Several studies emphasize the importance of sodium levels in the assessment for OLT priority within potential candidates. Hyponatremia <130 mmol/L was shown to be an independent predictor of mortality after listing, as lower sodium levels at inclusion in the waiting list were associated with 3- and 12-month decreased survival.8 A clear cutoff for the association between hyponatremia and survival after listing is not yet well defined and differ between studies: <135 mmol/L,13 <130 mmol/L,26 or 126 mmol/L27 respectively. The mortality risk might also be inversely correlated to the plasma sodium concentrations.16,28 Consequently, the MELD-derived score incorporating plasma sodium concentration and including hyponatremia as a priority criterion for OLT (MELD-Na) is currently being frequently used for allocation purposes.

Hyponatremia and OLT

The prevalence of hyponatremia in OLT candidates varies from 11% to 34%. It is 21.6% (cutoff at 130 mmol/L) or 49.4% (cutoff at 135 mmol/L) in the overall population of cirrhotic patients.29,30 In our study, hyponatremia was present in four patients (15%, cutoff at 135 mmol/L). None of the patients had a sodium concentration lower than 120 mmol/L. In the same way that serial MELD scores predict mortality better than a single value, serial measurements of plasma sodium could have a better predictive value than a single measurement.16 While awaiting OLT, hyponatremia is likely to fluctuate over time concomitantly with the complications of cirrhosis and the patient treatment.31,32 This fluctuation was reproduced in our study (as illustrated for a single patient in Figure 1). The number of acute aggravations and the ability to recover would probably be a factor of interest at the time of OLT listing and should be further studied. An increased risk of death is associated with a serum sodium concentration <126 mmol/L (6.5-fold increase) or <131 mmol/L (5-fold increase) measured at any time during the waiting period for OLT.28 In our study, a serum sodium concentration <131 mmol/L at the time of listing was not associated with an increased risk of death, strengthening the importance of serial sodium concentration measuring.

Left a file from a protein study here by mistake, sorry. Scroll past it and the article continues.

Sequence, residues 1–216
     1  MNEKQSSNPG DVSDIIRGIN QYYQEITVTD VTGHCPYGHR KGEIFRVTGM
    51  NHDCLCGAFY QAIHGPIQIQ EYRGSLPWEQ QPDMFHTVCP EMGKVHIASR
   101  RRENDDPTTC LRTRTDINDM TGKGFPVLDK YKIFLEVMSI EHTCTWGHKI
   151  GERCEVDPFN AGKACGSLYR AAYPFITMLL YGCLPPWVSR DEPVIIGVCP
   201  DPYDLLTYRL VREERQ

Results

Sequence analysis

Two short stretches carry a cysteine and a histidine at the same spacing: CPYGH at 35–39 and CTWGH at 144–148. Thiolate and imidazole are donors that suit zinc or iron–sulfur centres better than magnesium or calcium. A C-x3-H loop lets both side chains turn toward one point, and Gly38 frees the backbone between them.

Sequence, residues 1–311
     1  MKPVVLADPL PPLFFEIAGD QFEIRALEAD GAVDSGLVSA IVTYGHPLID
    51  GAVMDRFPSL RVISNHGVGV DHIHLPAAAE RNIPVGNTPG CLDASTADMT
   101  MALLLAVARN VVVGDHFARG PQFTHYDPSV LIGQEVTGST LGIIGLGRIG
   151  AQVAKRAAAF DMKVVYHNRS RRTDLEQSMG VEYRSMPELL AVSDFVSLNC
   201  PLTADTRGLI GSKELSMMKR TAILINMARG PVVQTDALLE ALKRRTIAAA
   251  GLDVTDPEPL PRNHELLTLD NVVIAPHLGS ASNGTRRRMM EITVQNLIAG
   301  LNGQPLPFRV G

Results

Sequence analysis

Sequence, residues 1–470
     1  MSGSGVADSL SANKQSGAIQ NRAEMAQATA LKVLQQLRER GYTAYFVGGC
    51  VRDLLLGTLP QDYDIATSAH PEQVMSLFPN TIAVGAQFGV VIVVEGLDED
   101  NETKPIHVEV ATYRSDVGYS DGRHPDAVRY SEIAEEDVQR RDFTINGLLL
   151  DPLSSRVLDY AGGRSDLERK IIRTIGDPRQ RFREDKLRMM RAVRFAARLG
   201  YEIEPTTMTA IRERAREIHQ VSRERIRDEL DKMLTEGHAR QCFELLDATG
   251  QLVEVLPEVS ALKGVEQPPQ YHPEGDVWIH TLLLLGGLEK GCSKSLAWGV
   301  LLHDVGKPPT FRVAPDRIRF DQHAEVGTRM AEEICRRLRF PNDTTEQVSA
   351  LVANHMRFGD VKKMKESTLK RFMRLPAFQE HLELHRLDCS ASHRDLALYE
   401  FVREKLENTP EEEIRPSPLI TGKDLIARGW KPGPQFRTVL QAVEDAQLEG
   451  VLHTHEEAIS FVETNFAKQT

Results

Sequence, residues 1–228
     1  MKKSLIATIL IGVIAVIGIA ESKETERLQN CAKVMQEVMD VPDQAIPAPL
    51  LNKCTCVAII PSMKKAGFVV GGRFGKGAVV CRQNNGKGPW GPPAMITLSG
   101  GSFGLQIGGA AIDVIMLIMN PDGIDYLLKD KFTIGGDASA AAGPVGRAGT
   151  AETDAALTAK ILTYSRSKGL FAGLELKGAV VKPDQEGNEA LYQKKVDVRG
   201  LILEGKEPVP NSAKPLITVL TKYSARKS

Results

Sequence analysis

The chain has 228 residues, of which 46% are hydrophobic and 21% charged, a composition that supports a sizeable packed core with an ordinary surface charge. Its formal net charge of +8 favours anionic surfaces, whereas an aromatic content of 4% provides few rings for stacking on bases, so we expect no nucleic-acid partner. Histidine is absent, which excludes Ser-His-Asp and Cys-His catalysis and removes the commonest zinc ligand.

In addition, hyponatremia prior to OLT was associated with an increased 90-day postoperative mortality.14 Similarly, in patients with cirrhosis, hyponatremia at time of OLT (<130 mmol/L) was shown to increase the risk of postoperative neurologic disorders, infectious complications, and renal failure during the first month after OLT and reduced the 3-month survival rate.9 However, the post OLT outcome highly depends on donor characteristics, cardiovascular evolution during liver replacement, and surgical complications. For hyponatremic patients, sodium levels reached normal levels during OLT before the surgical anhepatic phase, reaching similar normal level during the pre-operative period (Figure 3). None of the patients experienced neurological complications due to this rapid correction of sodium concentration.

Sodium Levels Variations in the Peri-Operative Period

Few studies have focused on the fluctuations of sodium levels during and after OLT. Both Romanovski et al33 and Hudcova et al34 have shown that rapid correction of natremia after OLT in hyponatremic patients was associated with worse outcomes and complications in the post-operative period of OLT. Similarly, Park et al35 has found that major shift of natremia during OLT with liver donor was a risk factor for prolonged mechanical ventilation post transplantation.

In contrast, the study from Brandmann et al36 paying particular attention to the consequences of fluctuations in sodium levels in patient with hepatic encephalopathy before OLT showed that there was no influence on neurological outcome or length of stay in ICU. Leise et al.37 have even found that hyponatremia was not associated with worse outcomes unlike hypernatremia before OLT. In our study, natremia correction was equally not associated with negative neurological outcomes. To date, sodium levels are not systematically measured during OLT which may hold the risk for sodium level overcorrection in hyponatremic cirrhotic patients during the peri-operative stage. Clinical reasoning is therefore warranted and the need for perioperative sodium levels measurement should be discussed on a case-based level in order to prevent sodium levels related complications.